"We didn't meet our threshold," Somerset Amphitheater owner Matt Mithun repeatedly told local media outlets last week, explaining why this weekend's second annual Soundtown music festival was abruptly canceled. In other words, ticket sales were slower than a Twins player with a sprained finger.

Here are some factors Mithun could have blamed: the economy, the glut of similarly named events (also: Soundset, Summer Set), the fact that many of the acts had recently been here (Jane's Addiction, Florence + the Machine), and the still unanswered question of whether Twin Cities indie-rockers actually want a campout kind of music fest.

Thanks to quick action by booking agents, fans will get to see a few of the castoff Soundtown performers in more familiar, less grassy venues.


The Philly soul-twang rockers played here this spring, but it was right after the release of their seventh album, "Be the Void." The disc's infectious hooks and wiry grooves have since sunk in deeply with fans, and with 89.3 the Current staff, which has been heavily spinning "These Days" and "That Old Black Hole." It's one of the year's great feel-good albums, from an always lively and lovable live band. Fresh from a summer trek with Emmylou Harris, opening act Field Report is led by Wisconsinite Chris Porterfield, who played with Bon Iver and the Megafaun dudes in their earlier group, DeYarmond Edison. (9 p.m. Fri., First Avenue. $10.)


Certainly more exciting than the All-Star Game two weeks ago, this all-star band features Steve Wynn (ex-Dream Syndicate, soon to be reuniting), Scott McCaughey (Young Fresh Fellows and R.E.M. tour member) and former Minneapolis drummer Linda Pitmon (ZuZu's Petals). Peter Buck also records with them but is not expected to make this round of dates, which means fellow R.E.M. co-founder Mike Mills will step in. Each is a baseball fanatic, and all their songs are based around the diamond. Mills still holds a grudge against the Twins over the '91 World Series vs. his Braves. "Gant was out!" would thus be a good pre-show chant. Castor Coal, Cats Melvin and Hungry Skinny open. (9 p.m. Fri., 400 Bar, 21 & older. $15.)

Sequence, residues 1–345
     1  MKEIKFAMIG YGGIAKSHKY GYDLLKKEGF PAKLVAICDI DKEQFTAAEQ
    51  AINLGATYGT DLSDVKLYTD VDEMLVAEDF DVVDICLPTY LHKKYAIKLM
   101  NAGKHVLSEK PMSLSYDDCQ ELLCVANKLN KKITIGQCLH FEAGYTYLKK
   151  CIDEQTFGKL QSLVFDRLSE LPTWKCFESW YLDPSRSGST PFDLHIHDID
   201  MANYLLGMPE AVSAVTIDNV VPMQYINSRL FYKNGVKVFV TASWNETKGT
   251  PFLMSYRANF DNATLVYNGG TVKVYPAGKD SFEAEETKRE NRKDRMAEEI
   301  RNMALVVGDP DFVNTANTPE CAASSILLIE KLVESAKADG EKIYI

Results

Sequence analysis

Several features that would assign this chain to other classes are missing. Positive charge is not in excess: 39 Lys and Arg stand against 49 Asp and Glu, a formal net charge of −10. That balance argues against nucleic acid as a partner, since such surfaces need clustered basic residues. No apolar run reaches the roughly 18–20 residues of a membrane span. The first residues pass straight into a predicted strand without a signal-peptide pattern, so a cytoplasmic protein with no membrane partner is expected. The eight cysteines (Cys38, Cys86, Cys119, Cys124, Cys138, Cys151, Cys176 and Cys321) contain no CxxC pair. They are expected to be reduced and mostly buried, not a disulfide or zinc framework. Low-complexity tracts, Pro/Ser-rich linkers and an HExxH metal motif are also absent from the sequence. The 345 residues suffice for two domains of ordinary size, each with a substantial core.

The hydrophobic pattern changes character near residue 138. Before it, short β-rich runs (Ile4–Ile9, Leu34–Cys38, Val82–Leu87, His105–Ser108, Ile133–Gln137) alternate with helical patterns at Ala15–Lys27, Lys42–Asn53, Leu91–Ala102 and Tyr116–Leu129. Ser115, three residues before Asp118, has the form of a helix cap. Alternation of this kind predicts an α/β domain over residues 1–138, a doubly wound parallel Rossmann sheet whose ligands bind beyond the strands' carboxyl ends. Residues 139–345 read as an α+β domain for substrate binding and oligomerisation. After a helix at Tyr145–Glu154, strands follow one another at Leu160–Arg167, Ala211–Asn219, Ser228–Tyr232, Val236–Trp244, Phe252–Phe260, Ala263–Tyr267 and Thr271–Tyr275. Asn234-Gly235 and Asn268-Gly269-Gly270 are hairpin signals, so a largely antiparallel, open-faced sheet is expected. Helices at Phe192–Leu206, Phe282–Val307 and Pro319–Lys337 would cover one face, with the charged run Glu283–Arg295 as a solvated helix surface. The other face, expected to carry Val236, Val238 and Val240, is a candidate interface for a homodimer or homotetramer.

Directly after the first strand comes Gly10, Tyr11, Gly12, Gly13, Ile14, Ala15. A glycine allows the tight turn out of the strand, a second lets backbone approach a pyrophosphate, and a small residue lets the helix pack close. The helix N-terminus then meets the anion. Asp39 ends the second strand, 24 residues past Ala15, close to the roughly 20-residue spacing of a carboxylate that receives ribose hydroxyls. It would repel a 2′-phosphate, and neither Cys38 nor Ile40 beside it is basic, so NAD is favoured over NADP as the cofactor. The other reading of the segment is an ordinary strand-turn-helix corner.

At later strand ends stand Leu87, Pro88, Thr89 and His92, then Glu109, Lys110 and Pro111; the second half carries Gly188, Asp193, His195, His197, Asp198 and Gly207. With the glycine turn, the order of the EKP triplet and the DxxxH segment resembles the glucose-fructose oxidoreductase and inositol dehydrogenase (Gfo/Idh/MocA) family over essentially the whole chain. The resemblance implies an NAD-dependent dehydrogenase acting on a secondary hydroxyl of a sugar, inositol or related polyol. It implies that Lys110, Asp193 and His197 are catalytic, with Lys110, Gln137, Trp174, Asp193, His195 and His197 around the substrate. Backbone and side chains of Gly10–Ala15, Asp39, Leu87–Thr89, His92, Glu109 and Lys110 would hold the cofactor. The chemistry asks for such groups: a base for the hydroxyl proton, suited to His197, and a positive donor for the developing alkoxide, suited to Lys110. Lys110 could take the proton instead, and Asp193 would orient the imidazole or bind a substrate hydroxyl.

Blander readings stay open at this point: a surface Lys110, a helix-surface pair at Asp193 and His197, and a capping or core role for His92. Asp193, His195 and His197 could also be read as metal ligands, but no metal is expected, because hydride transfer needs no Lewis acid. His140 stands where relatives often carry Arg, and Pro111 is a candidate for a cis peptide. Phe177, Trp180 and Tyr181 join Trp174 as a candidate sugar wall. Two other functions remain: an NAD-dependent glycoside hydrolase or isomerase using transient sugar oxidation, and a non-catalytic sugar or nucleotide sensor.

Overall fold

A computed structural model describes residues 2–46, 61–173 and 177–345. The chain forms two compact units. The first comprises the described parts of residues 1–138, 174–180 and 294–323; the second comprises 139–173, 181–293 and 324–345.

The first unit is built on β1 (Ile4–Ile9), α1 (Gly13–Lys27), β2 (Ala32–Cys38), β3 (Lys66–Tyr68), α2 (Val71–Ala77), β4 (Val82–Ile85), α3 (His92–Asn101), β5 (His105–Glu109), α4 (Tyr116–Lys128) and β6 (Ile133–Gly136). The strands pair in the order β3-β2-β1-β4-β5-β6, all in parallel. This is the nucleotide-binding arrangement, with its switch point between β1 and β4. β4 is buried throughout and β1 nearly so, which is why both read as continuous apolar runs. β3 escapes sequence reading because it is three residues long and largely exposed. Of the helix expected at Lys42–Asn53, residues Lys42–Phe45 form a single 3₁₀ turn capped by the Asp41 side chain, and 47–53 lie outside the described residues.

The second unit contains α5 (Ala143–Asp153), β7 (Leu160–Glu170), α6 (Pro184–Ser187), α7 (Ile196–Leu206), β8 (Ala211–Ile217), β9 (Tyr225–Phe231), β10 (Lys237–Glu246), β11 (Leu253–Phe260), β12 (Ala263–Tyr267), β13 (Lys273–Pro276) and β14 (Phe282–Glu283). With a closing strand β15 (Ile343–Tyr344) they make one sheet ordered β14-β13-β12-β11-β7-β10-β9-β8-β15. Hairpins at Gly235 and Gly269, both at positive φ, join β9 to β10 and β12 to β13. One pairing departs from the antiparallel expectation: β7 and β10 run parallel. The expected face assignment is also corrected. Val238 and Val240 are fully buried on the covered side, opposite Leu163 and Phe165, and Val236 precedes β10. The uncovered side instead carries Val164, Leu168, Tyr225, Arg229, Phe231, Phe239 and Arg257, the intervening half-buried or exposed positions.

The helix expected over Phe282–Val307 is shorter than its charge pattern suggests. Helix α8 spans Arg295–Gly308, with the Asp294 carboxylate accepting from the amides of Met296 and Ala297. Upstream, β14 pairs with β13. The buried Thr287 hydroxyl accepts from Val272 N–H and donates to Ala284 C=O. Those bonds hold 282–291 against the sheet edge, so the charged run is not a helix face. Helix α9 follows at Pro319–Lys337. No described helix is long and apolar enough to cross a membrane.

If she doesn't wish they all could be California girls, Bethany Cosentino sure sounds happy to be one on "The Only Place," her band's second record and one of indie-rock's sunniest albums of late, offering poppy traces of the Lemonheads. She's touring with one of indie-rock's buzzingest young bands, Jeff the Brotherhood, a Nashville-based garage-rock duo that just issued its Dan Auerbach-produced debut for Warner Bros. Tennessee girl-group punksters Those Darlins will add greatly to the triple-decked fun. (7:30 p.m. Sat., Cedar Cultural Center. All ages. $17.)


The rare Austin, Texas, band that reflects its hometown's great blend of hippie psychedelica and Southern boogie without coming off like a jam band, it earned end-of-year praise from Rolling Stone, NME and other media outlets for last year's wickedly baked album, "D." Chicago electronic dance duo Eight Bit Tiger opens. (9 p.m. Sat., 400 Bar, 21 & older. $10.)


These brooding, melodramatic Aussie rockers have been rolling across the U.S. fest circuit -- from last month's Bonnaroo to next weekend's Lollapalooza -- to promote their eponymous second album, which sounds part Coldplay and part Styx. They landed a rare late-Saturday gig in First Avenue's main room, moving the regular Too Much Love dance night into the Record Room. (11 p.m. Sat., First Avenue, $20-$25.)